Monday, August 16, 2010

What do we learn from physical expression?

What do we learn about the maker of an object when we see, feel and touch the object he or she has made? Is there a difference between seeing and feeling such an object and seeing or feeling something made in massive quantities and without the engagement of a singular soul? What do we learn when we sit in the presence of a musician whose hands are on the strings and whose voice is live vs. listening to a recording on an iPod?

If you can understand these simple differences, you will know what schools should be like.

In Dearborn, we broke down into smaller groups to brain storm and imagine what the school designed as a place of making would look like. There would of course be studios and tools. Each of us drew on our personal experiences, so the design of my school would start from the foundation of Clear Spring School. But as a school even further dedicated to making, I would add the following for consideration as a radical departure from the standard high school education. Each of the four years of high school would be dedicated to one of the 4 classic Greek elements, Earth, Air, Fire and Water, and the exploration of each of these through making would be the means through which important questions would be addressed. The idea is to shift education from being a means through which considered-to-be-important set curricula are force-fed students and upon which they are tested and measured, toward becoming an education in which children are invited to be creative problem solvers under the guidance and influence of artist mentors.

Earth- students would explore the physical qualities of the planet, make things from clay, learn minerals, plant gardens.

Air- students would make music, explore space, sound, light, paint and make stained glass in the exploration of color and design.

Fire- students would learn welding, the making of steel things, become reunited with pottery in the firing of kilns, learn about combustion, diesel, gas engines, heat, chemical reactions.

Water- students would explore boat building, rivers, navigation, the connections between us that build society.

And so, what are the important questions that should be addressed? Maybe there are a few like these: We have just experienced one of the hottest summers on record. Is there a reason for it and for the fires that have come as a result? Clean water is endangered world wide and becoming scarce for people throughout the world. Can we do something about it? How do we develop a society in which diversity is valued? How do we act in the renewal of the earth, the planet we share and upon which our lives depend?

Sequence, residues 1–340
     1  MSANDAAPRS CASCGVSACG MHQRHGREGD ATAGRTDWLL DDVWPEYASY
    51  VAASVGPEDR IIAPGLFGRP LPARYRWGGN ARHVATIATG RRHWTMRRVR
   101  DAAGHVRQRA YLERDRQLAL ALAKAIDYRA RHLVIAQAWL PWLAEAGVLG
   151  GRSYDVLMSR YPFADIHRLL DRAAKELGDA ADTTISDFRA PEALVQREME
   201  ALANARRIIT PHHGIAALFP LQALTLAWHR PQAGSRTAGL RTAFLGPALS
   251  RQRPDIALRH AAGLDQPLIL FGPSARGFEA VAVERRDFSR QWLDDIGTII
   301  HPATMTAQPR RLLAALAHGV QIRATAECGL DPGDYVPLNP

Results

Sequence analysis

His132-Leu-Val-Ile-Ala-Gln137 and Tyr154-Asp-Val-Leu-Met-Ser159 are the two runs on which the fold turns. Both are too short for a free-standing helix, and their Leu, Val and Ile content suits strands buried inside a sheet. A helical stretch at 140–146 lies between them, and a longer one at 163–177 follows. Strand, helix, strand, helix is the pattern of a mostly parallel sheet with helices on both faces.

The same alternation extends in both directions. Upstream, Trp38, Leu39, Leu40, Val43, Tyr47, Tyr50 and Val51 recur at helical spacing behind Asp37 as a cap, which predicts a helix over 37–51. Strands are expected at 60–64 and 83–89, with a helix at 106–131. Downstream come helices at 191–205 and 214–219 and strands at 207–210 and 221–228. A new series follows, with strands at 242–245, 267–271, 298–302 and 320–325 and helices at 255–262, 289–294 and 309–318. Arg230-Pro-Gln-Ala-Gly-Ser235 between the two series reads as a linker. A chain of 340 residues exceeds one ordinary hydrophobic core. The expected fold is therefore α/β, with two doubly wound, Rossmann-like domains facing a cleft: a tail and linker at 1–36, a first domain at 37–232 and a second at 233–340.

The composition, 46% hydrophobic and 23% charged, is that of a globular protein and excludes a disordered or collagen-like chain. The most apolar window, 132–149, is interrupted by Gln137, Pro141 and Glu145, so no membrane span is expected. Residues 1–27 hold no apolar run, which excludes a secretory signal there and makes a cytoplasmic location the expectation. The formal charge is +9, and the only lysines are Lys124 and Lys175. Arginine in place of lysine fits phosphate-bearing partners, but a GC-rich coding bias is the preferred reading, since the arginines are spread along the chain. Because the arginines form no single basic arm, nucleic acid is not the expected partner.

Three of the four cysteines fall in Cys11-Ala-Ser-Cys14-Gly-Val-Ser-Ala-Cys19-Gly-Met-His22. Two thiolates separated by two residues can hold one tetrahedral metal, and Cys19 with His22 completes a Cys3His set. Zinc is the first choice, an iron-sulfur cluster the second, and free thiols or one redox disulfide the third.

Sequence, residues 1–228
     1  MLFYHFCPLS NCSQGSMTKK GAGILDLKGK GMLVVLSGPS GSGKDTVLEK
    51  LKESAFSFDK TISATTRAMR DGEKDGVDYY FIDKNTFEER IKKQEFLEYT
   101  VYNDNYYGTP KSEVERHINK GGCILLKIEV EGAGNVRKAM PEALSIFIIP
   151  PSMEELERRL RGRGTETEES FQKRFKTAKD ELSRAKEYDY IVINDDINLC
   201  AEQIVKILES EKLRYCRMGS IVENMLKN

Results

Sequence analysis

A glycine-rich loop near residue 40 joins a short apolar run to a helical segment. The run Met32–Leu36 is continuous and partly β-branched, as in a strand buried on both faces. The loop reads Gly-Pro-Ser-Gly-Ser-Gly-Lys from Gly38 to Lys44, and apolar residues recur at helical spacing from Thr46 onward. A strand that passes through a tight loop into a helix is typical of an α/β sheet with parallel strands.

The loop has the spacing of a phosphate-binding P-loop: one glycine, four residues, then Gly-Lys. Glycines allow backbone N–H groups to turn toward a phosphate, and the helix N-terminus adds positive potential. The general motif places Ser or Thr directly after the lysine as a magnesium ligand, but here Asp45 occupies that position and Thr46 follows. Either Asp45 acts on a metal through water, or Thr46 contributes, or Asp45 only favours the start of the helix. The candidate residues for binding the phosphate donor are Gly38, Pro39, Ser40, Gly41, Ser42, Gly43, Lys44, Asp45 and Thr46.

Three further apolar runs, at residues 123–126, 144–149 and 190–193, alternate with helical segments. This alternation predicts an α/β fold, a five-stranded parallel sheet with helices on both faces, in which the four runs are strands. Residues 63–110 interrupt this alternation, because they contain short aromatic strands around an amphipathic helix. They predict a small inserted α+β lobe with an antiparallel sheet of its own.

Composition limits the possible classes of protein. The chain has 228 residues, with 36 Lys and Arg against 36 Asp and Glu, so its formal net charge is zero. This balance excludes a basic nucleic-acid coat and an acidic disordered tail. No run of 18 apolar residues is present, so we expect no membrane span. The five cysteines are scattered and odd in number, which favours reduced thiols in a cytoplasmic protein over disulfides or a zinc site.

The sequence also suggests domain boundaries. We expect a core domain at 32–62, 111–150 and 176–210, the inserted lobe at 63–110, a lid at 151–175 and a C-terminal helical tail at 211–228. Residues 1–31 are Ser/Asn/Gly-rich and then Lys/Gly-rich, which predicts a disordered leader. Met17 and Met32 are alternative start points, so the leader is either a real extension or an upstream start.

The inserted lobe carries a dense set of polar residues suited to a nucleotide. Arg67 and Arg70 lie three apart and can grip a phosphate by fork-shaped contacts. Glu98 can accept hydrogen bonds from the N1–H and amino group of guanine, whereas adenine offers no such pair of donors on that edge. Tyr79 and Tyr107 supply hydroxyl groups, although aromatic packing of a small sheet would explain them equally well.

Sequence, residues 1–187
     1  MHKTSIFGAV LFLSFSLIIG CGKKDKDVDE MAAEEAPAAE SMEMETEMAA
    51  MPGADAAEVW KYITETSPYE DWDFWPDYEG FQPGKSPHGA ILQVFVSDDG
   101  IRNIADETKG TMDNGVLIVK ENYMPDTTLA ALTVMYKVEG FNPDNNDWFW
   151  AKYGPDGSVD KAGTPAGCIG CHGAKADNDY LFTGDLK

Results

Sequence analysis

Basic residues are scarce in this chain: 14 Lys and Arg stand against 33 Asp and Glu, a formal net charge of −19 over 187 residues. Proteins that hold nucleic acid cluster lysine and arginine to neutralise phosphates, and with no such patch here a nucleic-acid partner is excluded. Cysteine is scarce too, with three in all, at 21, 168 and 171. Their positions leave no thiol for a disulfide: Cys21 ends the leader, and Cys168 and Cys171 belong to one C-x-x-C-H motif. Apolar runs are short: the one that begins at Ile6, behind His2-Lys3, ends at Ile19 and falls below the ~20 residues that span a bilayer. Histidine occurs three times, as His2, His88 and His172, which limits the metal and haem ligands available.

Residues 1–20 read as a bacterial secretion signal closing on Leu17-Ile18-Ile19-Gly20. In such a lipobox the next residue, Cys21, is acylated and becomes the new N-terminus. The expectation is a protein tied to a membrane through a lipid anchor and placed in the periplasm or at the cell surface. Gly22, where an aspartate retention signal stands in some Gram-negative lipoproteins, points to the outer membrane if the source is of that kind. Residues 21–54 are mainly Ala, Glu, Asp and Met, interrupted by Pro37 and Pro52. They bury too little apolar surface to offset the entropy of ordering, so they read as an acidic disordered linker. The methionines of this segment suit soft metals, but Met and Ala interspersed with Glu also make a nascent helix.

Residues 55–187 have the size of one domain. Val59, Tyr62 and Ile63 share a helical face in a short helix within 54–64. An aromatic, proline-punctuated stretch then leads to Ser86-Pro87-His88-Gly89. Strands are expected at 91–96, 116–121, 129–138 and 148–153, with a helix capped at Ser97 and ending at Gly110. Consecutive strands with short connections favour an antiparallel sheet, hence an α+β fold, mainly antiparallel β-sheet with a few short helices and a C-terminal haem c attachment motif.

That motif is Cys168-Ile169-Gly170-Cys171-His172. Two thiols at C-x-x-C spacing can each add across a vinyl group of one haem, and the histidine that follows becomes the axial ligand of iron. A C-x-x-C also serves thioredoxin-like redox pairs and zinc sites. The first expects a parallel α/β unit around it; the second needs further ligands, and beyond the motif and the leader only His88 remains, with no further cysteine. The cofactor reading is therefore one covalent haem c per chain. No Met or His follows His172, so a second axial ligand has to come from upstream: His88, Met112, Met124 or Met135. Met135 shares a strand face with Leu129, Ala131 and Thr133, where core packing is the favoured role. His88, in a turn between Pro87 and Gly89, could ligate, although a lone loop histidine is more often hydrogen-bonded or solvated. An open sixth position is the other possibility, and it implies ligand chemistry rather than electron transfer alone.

When kids they hit middle school they are ready for important issues and are ready to become engaged in finding answers. Do you have ideas for a school centered on making?

Share through the comments below or via email at right.

3 comments:

Anonymous said...

" It is a tragedy of the first magnitude that millions have ceased to use their hands as hands. Nature has bestowed upon us this great gift which is our hands. If the craze for machinery methods continues, it is highly likely that a time will come when we shall be so incapacitated and weak that we shall begin to curse ourselves for having forgotten the use of the living machines given to us by God... "

—Mahatma Gandhi

Doug Stowe said...

Ghandi was a spinner of thread and an advocate of homespun as the British attempted to disable and dominate the people of India through their export of British textiles. Disable the hands, bring them to their knees. Thanks for sharing Ghandi's view of the hands.

Anonymous said...

What an excellent plan for a school. A school like that would produce people who could think on many levels and be better citizens of the world.

Mario